Recent press coverage of the Form 990-N requirement for small charities has caused grantmakers to ask whether they should modify their due diligence procedures for grantmaking. As reported by the press, many charities with less than $25,000 in annual gross receipts may be at risk of losing their tax-exempt status for failing to file with the IRS. The filing, Form 990-N, was created in response to a new requirement in the Pension Protection Act of 2006 stipulating that small organizations not required to file Forms 990 or 990-EZ need to annually report certain basic information to the IRS. There are no financial penalties for a charity that fails to file the Form 990-N. However, failure to file the form for three consecutive years will result in revocation of the organization's tax-exempt status.
May 17, 2010 marked the end of the first three-year period for filing Form 990-N, and thus the first time that smaller charities faced the loss of tax exemption for failure to file the form. As a result, the Council's legal department has been receiving questions regarding whether grantmakers' due diligence procedures need to be changed to check the continued charitable status of their smaller grantees. Assuming a grantmaker already has adequate due diligence procedures in place to verify the continuing charitable status of potential grantees prior to making a grant, no new procedures are required. The same general safeguards for grantmakers in place prior to the Form 990-N requirement still apply. Specifically, the IRS will allow grantmakers and other donors to rely on an organization’s letter of determination until the IRS publishes notice of revocation. The IRS announced that it will publish a list of revoked organizations on its website (www.irs.gov/charities) and that the revoked organizations will be removed from Publication 78. However, as expected, the IRS did not announce revocations for failure to file immediately after May 17 but instead plans to take some time to post the list of revoked charities to ensure that the agency does not inadvertently revoke an organization's tax-exempt status. In addition, IRS Commissioner Douglas Shulman announced that the IRS will issue guidance on how small charities that may have missed the filing deadline can complete the missed filing and maintain their charitable status.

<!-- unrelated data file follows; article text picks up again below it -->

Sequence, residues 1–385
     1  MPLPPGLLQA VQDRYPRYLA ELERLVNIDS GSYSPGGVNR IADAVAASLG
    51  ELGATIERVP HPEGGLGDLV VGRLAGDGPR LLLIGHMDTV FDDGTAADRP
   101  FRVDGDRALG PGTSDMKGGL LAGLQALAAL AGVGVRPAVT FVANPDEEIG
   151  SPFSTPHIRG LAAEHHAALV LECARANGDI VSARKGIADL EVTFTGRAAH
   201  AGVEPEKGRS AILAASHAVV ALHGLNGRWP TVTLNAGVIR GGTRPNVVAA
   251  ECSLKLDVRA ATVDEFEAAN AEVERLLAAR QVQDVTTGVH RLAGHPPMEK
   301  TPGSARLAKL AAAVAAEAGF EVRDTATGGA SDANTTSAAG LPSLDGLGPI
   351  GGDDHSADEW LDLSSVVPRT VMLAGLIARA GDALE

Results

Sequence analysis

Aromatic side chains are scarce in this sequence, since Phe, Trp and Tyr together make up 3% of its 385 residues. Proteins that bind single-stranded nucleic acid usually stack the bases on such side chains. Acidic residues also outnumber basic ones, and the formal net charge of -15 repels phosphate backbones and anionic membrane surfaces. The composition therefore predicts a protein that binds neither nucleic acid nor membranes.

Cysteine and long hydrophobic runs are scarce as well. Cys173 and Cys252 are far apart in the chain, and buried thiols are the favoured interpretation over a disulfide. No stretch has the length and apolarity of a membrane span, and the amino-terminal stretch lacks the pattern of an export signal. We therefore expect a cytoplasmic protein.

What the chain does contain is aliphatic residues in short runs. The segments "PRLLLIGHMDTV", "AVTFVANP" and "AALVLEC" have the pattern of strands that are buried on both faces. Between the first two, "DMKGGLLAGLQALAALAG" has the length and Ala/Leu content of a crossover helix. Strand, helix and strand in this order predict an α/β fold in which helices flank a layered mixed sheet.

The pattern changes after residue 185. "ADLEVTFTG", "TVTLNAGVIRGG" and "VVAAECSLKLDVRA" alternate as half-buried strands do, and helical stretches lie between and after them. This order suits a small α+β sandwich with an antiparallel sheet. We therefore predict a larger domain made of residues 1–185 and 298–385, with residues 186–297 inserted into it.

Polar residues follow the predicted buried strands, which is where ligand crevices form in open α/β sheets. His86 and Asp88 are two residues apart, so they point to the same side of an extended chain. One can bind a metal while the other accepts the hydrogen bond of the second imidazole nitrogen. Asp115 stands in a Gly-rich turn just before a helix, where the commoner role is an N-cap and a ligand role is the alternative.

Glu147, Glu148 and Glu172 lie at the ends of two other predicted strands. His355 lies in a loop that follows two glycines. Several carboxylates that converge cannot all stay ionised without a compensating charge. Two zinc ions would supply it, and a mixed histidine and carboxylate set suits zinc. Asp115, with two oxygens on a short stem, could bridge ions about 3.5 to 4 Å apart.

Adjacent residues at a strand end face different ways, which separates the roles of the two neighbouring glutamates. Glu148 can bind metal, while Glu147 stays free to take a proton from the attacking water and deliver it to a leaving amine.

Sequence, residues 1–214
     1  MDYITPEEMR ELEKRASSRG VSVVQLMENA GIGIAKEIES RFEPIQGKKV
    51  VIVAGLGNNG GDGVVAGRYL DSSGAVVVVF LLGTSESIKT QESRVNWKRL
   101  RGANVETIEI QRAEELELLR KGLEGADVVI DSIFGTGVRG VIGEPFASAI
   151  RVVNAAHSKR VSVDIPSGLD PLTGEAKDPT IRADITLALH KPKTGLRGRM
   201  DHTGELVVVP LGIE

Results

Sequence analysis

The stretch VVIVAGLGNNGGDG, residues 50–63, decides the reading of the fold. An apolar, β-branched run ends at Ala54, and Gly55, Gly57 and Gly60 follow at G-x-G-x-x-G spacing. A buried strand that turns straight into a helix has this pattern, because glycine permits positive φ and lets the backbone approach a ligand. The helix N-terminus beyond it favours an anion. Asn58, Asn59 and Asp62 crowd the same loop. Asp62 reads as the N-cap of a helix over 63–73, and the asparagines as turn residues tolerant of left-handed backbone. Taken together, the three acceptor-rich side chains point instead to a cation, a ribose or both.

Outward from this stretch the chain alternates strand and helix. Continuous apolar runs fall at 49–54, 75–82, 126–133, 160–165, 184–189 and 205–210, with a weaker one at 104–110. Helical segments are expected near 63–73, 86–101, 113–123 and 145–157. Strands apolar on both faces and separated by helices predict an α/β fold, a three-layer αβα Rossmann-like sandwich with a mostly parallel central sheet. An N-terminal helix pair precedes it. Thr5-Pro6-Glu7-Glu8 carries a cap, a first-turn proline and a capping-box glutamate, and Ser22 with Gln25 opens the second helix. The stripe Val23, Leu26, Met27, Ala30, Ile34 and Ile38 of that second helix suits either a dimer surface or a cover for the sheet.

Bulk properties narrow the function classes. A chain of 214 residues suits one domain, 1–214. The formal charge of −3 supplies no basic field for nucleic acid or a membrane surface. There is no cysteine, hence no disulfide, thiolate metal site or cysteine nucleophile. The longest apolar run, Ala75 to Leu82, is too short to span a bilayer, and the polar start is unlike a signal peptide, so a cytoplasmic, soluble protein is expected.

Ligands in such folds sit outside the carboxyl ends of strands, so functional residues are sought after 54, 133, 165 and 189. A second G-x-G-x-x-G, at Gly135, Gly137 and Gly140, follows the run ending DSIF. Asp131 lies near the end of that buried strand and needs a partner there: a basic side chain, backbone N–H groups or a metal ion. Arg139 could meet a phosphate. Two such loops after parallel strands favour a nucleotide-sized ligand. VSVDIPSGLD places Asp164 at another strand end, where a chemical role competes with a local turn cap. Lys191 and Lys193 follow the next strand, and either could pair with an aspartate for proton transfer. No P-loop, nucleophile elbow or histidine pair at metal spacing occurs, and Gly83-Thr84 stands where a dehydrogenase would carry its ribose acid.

The Council expects that most of the revocations will be of organizations that no longer exist. If your grantees have been filing Form 990 or 990-EZ or if they have filed the Form 990-N, they aren’t at risk of revocation. In addition, the Form 990-N requirement did not change the fact that churches, their integrated auxiliaries (a category that includes many church schools), and conventions or associations of churches are not required to file the Form 990. Therefore, grantees in these categories are not affected by the new requirement.
For more information, see the IRS resources on this topic. The IRS website also allows you to search Form 990-N filings.